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Mobile Health’s Growing Pains

28 Jan 2016 by Christine Kern

Bring Your Own Device (BYOD) comes with many benefits for the healthcare industry. In a survey conducted by Citrix, 35% of companies reported reduced time and cost of device management, in addition to reduced onboarding and training costs (since people use devices with which they’re familiar) as their primary reason for choosing to adopt BYOD. And as much as 40% of physicians believe utilizing digital technologies to keep track of and communicate with patients will lead to better health outcomes (Manhattan Research’s Taking the Pulse U.S. 2014 study).

Despite the benefits, we have to look at BYOD detriments. For instance, of 19 U.S. Food and Drug Administration-approved mobile health apps tested for security, 84% didn’t adequately address application code tampering and reverse-engineering, according to a new report published by security vendor Arxan.

This is where IT managers must take a balanced approach to the mobile trend that’s here to stay. They must meet the needs of their users while ensuring mobile platforms and BYOD programs are implemented in compliance with the Health Insurance Portability and Accountability Act (HIPAA).

Mobility’s pervasive progress

However, the impact of mobility is no longer confined to the devices themselves and is now also affecting the wider computing infrastructure. As Gartner’s “Predicts 2016: Mobile and Wireless” report published Oct. 13, 2015 explains, “mobility is becoming more invisible as it pushes its challenges into every traditional area of IT, forcing those areas to become more robust. It is important that IT continually use mobility as the ultimate test of the viability and completeness of all strategies that become part of any IT or vendor's overall plans.”

“Probably the most notable change in our line of business is that we’re finally starting to see healthcare systems begin to look at the mobile platform as a true workflow tool,” said Paul McRae, director of healthcare solutions at AirWatch by VMware.

Mobility allows healthcare providers to instantly access important information, whether it’s a clinician at the point of care double-checking evidence-based clinical guidelines or checking a patient's labs on a different floor via the electronic health record (EHR). Clinicians are increasing the rate at which they are adopting mHealth tools and apps, and more than half of them (53%) now use a tablet to access EHRs, take notes or send e-prescriptions. And nearly half (48%) use smartphones to search for information.

Mobility’s HIPAA health

This increased use of mHealth platforms increases the HIPAA security risks for healthcare organizations that must remain compliant or face stiff penalties. According to a KLAS survey, the use of personal mobile devices in healthcare settings isproviders' second biggest concern with data security. The use of mobile devices increases security risks, calling into question issues surrounding encryption, authorized access and mobile security.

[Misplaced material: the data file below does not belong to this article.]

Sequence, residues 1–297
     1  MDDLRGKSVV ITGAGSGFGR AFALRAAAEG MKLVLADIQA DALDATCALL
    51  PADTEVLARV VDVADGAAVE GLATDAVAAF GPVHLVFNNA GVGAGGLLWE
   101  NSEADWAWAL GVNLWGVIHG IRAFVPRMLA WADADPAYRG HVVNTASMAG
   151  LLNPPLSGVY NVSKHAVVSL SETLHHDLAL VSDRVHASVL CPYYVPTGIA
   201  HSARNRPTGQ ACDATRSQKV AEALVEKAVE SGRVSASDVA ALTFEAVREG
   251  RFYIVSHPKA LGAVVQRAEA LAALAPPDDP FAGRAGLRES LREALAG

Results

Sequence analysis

In fact, nearly 60% of pediatric hospitalists sent or received work-related text messages on their personal smartphones, according to a study in Telemedicine and e-Health, while 30% even indicated receiving personal health information in a text message. Despite the proliferation of protected health data being transmitted via personal devices, just 11% said their institutions offer encryption software for text messaging.

Mobility’s maturity phase

The Gartner “Predicts 2016: Mobile and Wireless” report published Oct. 13, 2015 states, “As mobility moves into its maturity phase, its impact becomes less self-contained under the banner of mobility, and instead spreads across the computing infrastructure. Security, manageability and productivity are the key themes presented in” Gartner’s report.

Their predictions support the concept that “mobility is becoming more invisible as it pushes its challenges into every traditional area of IT, forcing those areas to become more robust. It is important that IT continually use mobility as the ultimate test of the viability and completeness of all strategies that become part of any IT or vendor's overall plans.”

This is particularly important for healthcare organizations that must pay particularly close attention to the security of patient protected health information to remain HIPAA compliant.

To learn more about managing mobility in your healthcare organization, get the Gartner “Predicts 2016: Mobile and Wireless” report.